While it took a lot of class time (1.5 weeks), I chose to do it in class because I wanted the students to be able to talk with and observe each other, and also to be sure it did not become a parental project. Initially, there was a lot of frustration as indicated by the problems above. Sometimes I made outright suggestions, but for the most part they figured it out among themselves or asked to bounce ideas off of me. Because there were no patterns or procedures, they eventually showed more understanding about the jumpy doll's construction and how it relates to their own body. There was also a real sense of pride when a classmate pulled the string, and it WORKED!


Materials: This part really depends on what you want to make available. The following is what I provided, but students were also free to bring materials from home.

  • base - cardboard

  • joints - barbecue skewers, straws, tubing (air)

  • string

  • low temperature glue guns and white glue

  • decorations: construction paper, pens, crayons, paint

  • tools: scissors, razors, dissecting needles, hole punchers, cork borers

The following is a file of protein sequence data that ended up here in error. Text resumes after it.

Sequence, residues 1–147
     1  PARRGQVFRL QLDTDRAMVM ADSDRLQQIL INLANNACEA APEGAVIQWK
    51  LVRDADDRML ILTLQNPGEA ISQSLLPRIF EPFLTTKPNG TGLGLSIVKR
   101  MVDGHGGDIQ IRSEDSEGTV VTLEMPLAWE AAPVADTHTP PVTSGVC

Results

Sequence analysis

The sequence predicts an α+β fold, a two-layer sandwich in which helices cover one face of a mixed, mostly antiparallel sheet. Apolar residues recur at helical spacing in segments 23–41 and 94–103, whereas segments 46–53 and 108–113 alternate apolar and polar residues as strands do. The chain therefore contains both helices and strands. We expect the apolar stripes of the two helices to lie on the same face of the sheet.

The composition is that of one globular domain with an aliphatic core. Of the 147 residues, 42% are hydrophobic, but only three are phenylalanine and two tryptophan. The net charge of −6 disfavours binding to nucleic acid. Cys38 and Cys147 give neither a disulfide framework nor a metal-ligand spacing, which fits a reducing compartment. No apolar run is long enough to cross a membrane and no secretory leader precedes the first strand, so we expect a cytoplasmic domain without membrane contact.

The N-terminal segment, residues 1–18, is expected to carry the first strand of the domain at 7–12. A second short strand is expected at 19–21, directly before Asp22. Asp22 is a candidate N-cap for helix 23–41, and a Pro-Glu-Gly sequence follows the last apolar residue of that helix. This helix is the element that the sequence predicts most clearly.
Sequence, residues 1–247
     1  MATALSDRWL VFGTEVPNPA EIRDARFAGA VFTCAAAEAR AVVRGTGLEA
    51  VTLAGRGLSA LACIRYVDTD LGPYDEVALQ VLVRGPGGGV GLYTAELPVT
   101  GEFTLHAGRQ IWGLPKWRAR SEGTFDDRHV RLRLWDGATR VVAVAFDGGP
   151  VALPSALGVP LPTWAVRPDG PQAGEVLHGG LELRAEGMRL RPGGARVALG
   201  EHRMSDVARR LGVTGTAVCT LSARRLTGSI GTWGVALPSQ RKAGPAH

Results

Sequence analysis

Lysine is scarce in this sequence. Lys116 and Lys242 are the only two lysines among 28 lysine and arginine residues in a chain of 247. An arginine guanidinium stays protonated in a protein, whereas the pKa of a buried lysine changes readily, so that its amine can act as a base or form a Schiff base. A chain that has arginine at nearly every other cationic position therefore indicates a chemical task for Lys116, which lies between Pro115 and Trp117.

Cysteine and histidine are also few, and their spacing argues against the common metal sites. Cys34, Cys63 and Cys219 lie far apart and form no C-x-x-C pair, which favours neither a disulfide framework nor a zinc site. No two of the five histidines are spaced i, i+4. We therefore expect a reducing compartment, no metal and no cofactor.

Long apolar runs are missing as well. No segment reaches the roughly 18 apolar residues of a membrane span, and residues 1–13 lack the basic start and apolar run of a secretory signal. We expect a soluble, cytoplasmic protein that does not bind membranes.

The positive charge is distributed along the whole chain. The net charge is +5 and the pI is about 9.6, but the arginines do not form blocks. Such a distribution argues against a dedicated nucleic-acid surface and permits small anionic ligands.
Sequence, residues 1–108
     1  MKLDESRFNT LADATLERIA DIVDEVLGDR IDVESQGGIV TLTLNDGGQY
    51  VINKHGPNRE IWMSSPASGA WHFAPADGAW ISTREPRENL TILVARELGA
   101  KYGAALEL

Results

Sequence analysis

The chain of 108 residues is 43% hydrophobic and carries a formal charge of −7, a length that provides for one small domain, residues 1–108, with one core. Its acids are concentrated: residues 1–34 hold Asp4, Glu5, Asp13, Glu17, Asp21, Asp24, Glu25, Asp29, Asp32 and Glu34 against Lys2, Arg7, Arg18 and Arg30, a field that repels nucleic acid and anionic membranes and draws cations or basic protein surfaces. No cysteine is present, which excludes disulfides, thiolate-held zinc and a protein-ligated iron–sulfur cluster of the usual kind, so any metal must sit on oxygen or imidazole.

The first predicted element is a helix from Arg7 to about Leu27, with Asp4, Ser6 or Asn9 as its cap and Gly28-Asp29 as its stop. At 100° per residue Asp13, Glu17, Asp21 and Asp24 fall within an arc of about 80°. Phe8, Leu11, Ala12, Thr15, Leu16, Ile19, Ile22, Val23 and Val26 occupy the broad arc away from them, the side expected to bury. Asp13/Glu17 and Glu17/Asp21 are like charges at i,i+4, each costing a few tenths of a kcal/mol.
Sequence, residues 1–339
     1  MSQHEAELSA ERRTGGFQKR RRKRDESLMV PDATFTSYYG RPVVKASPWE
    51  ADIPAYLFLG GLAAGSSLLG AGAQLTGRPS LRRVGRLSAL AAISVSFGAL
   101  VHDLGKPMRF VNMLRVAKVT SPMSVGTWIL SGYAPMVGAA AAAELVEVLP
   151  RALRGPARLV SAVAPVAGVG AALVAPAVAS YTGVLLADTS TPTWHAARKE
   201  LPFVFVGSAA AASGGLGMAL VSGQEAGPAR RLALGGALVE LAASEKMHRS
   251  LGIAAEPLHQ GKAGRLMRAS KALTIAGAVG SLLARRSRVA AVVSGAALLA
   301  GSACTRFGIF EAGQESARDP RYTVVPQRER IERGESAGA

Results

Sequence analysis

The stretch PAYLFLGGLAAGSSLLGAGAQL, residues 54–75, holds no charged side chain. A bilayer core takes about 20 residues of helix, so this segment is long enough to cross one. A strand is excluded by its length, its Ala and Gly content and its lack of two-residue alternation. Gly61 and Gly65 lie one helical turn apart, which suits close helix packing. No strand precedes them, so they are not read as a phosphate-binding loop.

Student Handout:


For this project, you may work by yourself, or with a partner. Your challenge is to create a jumpy doll that exhibits at least 3 joints that produce movement with a single pull on a string.

  • No pattern will be provided, nor directions as to how to make the joints, or where to place the insertion points, etc. This is part of the challenge.
  • You are allowed to examine the sample jumpy dolls but you are free to select the shape of your doll and the way you design the joints.


You may bring materials from home as well as use what is available in the classroom.


  1. Observe the jumpy doll shown. Sketch its basic shape in your journal, and how you think the movement is occurring.

  2. Using the materials available, the sample provided and your imagination, create a jumpy doll.

  3. Journal Entries:

    Each day you need to record how you utilized your class time, describe any problems you encountered and how you went about solving that problem (or plan to solve it). In addition, you may be asked to address a focus question for that day.

The scoring of this project will be based on the following criteria:

Design (20 points possible; 4 bonus):

4 - doll incomplete; not functional

8 - has at least one joint; works but not all the time

12 - has at least two joints; works most of the time

16 - has at least three joints; works most of the time or positions are not quite in place (ie. insertions not well positioned)

20 - has at least 3 well functioning joints; movements look appropriate

4 extra points - doll exhibits two different movements with a single pull (example will be shown but not left out)

Appearance (10 points possible)

2 - unfinished, not decorated, plain cardboard

5 - partly completed

7 - completed but not visually appealing (ie. messy)

10 - fully completed and visually appealing

Journal (10 points possible)